Did you know nearly 75% of people can’t put a car in their garage? I know, it’s shocking, isn’t it? I’m guessing that you had to have a garage to put the car in when you were house shopping. This is especially true of Canadians because clearing snow and ice off your car on cold, dark winter mornings is not fun. Isn’t that enough motivation to tackle the overwhelming clutter in the garage? It might seem a little soon, but spring will be upon us before you know it. As with any large project, you’ll need to follow a plan. My method for organizing the garage in five easy steps will help you create a space that works for you and has the proper storage solutions so that it stays organized.
Step 1 – Pull Everything Out
First, the bad news. You need to pull everything out of the garage if you don’t have room to move around. Then sort and purge. You know the drill; only keep what you know to be useful. Try to balance the amount of “someday-maybe” items with items that you currently use. The good news is that once you’ve completed this tedious step, the fun part of the project begins.
Step 2 – Designate Zones
Designate specific areas to store specific groups of items, often called setting up zones. Chances are you’ll need a household repair area to keep things such as lumber, nails and screws, extension cords, tools, and more. Then you’ll need a gardening or outdoor area to keep your lawnmower, snow blower, potting supplies, and gardening tools. You’ll also likely need a car zone to store off-season tires and cleaning supplies.
If you have children, you’ll need areas for their stuff. This may include a bicycle area where you store bikes and helmets. Then there will be an area for all the outdoor toys. Large round bins with handles but no tops work well for outdoor toys like balls, water toys, etc. Many people have outdoor sports gear for the family, including golf clubs, hockey gear, skates, and soccer equipment, and I could continue, but I think you get the idea.
Step 3 – Allow for a Mudroom Area
Some attached-garage projects I have worked on over the years include a mudroom area near the entrance to the house. Some simple organizing solutions include installing wire shoe shelves and deeper wire shelves with bins for all the winter hats and gloves (one per family member). Install some heavy-duty hooks for backpacks.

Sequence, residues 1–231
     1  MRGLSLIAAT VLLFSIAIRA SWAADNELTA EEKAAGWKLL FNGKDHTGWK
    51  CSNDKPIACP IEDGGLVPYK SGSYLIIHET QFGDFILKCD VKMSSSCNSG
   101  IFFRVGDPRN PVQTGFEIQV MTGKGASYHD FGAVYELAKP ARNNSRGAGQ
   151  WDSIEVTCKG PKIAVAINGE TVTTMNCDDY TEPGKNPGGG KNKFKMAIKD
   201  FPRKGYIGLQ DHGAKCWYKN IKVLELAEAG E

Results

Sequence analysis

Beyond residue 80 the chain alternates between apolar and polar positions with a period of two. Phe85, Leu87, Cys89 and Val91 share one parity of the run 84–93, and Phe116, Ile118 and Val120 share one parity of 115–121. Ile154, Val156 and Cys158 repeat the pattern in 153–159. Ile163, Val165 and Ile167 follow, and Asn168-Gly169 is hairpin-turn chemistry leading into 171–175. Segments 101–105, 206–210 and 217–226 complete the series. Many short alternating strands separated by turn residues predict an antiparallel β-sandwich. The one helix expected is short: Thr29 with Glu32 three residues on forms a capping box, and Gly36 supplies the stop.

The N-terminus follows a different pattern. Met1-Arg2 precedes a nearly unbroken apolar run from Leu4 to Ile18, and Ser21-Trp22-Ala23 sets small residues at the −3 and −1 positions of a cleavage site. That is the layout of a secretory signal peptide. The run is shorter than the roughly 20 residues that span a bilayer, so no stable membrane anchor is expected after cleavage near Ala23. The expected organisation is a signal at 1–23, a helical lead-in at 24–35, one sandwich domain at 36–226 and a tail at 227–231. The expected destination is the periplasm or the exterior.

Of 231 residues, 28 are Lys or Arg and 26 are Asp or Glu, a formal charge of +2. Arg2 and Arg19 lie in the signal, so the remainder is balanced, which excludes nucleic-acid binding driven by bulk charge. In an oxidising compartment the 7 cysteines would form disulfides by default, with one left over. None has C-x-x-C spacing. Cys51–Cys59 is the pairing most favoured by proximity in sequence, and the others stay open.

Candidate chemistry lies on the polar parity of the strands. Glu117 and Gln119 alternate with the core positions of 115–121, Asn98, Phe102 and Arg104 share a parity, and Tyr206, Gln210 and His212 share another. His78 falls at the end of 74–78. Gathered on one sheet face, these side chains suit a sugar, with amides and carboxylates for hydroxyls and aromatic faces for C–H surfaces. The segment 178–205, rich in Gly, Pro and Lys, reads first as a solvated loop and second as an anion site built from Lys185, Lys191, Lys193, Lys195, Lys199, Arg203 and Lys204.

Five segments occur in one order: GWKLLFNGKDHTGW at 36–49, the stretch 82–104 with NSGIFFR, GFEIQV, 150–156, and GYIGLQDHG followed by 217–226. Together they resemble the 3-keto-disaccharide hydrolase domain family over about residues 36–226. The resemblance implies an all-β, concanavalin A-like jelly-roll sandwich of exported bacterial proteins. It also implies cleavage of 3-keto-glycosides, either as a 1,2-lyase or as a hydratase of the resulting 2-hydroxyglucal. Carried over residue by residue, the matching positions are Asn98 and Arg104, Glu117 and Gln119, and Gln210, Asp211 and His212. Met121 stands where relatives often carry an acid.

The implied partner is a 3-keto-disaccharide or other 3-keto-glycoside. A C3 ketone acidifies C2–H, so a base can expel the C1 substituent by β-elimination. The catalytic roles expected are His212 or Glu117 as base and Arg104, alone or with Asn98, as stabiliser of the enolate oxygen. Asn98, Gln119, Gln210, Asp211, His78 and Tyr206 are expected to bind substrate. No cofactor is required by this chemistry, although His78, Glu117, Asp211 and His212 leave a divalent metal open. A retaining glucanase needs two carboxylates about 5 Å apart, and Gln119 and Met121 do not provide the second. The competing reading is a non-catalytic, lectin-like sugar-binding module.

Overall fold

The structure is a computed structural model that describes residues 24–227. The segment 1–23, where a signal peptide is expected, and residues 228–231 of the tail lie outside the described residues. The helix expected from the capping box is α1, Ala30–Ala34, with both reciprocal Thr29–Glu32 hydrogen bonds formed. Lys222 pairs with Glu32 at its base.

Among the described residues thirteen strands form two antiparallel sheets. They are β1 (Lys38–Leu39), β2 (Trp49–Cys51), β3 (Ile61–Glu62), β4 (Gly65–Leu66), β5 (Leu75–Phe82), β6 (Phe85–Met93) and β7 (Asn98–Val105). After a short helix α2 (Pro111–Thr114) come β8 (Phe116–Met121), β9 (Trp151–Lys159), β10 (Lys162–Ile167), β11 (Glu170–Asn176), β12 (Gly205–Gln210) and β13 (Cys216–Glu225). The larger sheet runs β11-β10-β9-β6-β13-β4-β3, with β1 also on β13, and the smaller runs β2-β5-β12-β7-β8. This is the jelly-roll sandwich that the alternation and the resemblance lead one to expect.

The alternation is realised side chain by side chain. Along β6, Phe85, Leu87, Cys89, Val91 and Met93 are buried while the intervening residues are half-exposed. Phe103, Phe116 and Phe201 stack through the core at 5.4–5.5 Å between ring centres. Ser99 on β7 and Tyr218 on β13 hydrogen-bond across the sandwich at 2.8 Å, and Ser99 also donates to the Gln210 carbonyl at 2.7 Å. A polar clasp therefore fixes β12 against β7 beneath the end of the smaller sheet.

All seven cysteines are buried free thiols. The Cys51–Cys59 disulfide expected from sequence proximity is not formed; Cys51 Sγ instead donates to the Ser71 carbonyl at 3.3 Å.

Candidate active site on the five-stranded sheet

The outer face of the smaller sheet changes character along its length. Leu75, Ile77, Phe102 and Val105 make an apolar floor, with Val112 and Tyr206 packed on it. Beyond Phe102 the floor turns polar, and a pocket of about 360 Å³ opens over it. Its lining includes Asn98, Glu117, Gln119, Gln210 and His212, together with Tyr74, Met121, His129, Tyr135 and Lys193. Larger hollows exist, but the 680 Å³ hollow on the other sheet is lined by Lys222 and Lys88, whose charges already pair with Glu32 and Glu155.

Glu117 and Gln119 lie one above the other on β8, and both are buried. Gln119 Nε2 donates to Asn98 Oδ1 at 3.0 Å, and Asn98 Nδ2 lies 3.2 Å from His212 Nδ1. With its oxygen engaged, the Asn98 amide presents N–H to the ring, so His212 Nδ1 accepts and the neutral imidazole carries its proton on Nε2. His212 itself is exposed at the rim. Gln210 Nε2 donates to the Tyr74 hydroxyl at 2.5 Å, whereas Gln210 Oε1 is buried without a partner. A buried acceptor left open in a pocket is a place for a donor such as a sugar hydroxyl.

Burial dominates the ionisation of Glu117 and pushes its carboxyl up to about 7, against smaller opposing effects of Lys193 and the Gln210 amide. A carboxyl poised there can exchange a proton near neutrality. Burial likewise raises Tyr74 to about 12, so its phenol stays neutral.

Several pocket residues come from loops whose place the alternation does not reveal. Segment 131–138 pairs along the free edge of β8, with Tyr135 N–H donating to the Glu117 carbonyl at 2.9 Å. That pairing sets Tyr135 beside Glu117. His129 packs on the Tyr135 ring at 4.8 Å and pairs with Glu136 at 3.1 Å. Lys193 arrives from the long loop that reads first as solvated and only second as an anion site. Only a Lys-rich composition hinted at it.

Step 4 – Set Up a Recycling Zone
You will also likely need to include a recycling area close to the door of the house, so it’s easy to access. Once, I had a carpenter build a nifty plywood box on wheels so the homeowners could stuff all their cardboard recycling into it. Otherwise, it would have been all over the floor, which is such a drag.
Step 5 – Go Shopping for What You Need
Now you get to go shopping, if necessary, for containers and systems. One of my favourite systems to use for garage organizing is called GridWall. This system installs fairly easily and includes components like shelves, baskets and hooks. What I really like is that you can move the accessories around as your needs change.
Take advantage of vertical height by building some overhead shelving. You can also purchase racks that suspend from the ceiling. It’s a great place to store off-season items such as camping equipment and holiday decorations (especially outdoor ones). Easy-to-assemble resin shelving can be an affordable and functional solution. It comes in different widths and depths to store a variety of bins and containers. Be sure to purchase the heavy-duty ones. Even though they cost more, they will last much longer. HDX is my preferred brand and is available at Home Depot.
Alright, now go ahead and use these five steps for organizing the garage! It’s time to dig out the camping gear and holiday decorations, so they will be accessible long before you need them. Please reach out if you need help figuring out the best solutions for your garage.